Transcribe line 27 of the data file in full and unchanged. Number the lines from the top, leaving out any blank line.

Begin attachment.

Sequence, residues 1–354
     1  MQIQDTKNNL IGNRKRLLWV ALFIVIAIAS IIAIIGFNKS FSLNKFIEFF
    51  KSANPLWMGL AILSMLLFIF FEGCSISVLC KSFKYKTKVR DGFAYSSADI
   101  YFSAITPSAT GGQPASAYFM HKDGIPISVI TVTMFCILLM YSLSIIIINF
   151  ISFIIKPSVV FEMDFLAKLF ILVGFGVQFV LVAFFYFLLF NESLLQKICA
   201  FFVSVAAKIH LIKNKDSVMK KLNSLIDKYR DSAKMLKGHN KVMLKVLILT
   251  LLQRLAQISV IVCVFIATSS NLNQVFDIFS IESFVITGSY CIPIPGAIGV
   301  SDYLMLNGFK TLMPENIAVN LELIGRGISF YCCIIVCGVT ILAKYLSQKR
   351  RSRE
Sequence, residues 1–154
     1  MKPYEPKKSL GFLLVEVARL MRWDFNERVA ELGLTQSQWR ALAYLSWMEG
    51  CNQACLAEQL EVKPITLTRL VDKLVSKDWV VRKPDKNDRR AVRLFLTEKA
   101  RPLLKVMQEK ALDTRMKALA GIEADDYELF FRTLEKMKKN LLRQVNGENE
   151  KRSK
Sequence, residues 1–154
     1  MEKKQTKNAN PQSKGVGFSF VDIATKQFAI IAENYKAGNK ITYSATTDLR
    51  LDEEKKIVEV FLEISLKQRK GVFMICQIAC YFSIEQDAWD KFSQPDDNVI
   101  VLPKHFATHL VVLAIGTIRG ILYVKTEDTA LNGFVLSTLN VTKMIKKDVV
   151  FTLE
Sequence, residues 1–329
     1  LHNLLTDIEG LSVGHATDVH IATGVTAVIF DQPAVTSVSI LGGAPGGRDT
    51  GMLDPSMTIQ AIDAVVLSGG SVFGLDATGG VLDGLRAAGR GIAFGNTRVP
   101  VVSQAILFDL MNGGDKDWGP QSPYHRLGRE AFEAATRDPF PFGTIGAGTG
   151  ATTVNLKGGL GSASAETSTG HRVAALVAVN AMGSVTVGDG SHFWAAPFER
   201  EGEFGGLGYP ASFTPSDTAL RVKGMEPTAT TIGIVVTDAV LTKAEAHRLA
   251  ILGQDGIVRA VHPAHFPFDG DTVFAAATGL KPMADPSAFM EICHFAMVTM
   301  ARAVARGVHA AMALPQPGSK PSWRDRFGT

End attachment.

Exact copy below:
   301  ARAVARGVHA AMALPQPGSK PSWRDRFGT